March 18, 2013

Family duties brought me back to my native Switzerland as well as the invitation to attend the wedding of friend of almost 30 years. Not only did his wedding renew my belief in the importance of love in everybody's life. Love that enables the sharing of the joys and burdens of life. But on a more mundane level the wedding’s venue introduced me to a part of my home country that could easily be an off-shoot of paradise.

Paradies – German spelling of the word Paradise – is the name of the Hotel where the ceremony took place and where I got to spend a few days. Located in Ftan, a village perched on the mountainside of the Engadine Valley, the same valley that also hosts the better known Saint Moritz, Paradies is a boutique hotel that combines the distinctive old traditions of that region with modern, sophisticated touches.

This is reflected for example in the use of the wood of the Alpine pine tree that only grows at this altitude of 4900 feet and above. The architectural style as well as the décor is mainly contemporary peppered with some antiques from the Engadine Valley. The entire hotel is as it should be set up in order to take full advantage of the breathtaking views of the surrounding, snow covered mountains and the deep valley at the bottom. While minimalist interior design runs the risk of taking away the coziness and expected warmth of a mountain cabin, Hotel Paradies strikes a good balance. The attentive, friendly staff ensures that every guest is at ease and won’t forget to take in the peace of the serene mountains.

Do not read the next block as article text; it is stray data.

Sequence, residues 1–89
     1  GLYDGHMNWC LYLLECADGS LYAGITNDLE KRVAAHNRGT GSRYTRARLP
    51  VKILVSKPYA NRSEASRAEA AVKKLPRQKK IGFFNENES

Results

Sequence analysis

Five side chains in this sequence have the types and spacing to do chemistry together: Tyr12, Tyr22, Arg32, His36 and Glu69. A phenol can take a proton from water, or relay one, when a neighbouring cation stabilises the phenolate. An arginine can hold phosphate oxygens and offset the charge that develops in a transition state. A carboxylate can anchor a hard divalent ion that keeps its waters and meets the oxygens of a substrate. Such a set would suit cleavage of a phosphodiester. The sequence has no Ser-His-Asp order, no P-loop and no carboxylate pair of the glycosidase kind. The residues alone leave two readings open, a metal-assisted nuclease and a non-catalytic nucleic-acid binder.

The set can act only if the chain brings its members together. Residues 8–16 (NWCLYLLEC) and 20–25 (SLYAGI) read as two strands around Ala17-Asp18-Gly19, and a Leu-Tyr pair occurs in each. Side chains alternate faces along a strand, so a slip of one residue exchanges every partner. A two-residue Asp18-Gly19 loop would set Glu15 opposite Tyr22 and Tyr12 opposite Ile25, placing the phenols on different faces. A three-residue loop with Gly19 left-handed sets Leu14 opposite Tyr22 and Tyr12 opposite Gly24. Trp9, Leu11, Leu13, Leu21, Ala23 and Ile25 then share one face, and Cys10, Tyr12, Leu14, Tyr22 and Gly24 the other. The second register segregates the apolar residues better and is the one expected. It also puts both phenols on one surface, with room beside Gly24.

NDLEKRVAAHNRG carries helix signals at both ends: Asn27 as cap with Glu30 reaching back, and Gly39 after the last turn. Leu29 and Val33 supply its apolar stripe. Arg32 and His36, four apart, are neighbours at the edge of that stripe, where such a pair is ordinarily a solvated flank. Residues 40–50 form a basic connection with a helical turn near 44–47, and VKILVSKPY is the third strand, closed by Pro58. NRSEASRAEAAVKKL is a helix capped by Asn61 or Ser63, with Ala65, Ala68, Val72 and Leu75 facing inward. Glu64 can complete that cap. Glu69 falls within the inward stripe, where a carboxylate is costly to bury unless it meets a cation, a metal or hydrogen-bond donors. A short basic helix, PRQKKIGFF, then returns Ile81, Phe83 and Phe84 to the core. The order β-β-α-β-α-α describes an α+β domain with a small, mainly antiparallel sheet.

Simple room design with furniture made in Alpine Pine wood. Similar to cedar the Alpine Pine is very aromatic filling the room with natural scent.


The lobby lounge provides almost panoramic view of the surrounding mountains. 


One of the two dining rooms has been moved from an old building in a neighboring village and transplanted into the hotel. This reflects the traditional, local decorating style with wood paneled walls and ceiling as well as the furniture once again made from Alpine pine.


The study or library which also doubles as business center with all state of the art equipment is also set in a more traditional style.


The Spa loung in a more contemporary setting.


A small detail that adds to the overall feel of the place: Hollow tree branches are used throughout the hotel as decorative yet functional detail.


What would a retreat be like without a mediation and yoga room?


The breakfast buffet featuring hollow branches and tree trunks again. Another characteristic of the hotel is that the food offered are specialties of the Engadine Valley sourced from nearby farmers and producers. Needless to say that every type of food being served is organic.


Antique buffet cabinet is repurposed as the yoghurt and musli bar.


The main street of the charming village of Ftan featuring 300 – 400 year old houses typical for this region.  


Part of the traditional houses are their large portals. The size served the purpose of letting all the livestock into the stable that was typically located right behind. The living quarters were on the 2nd and higher floors.



Written by Patrice Gerber, Co-Owner

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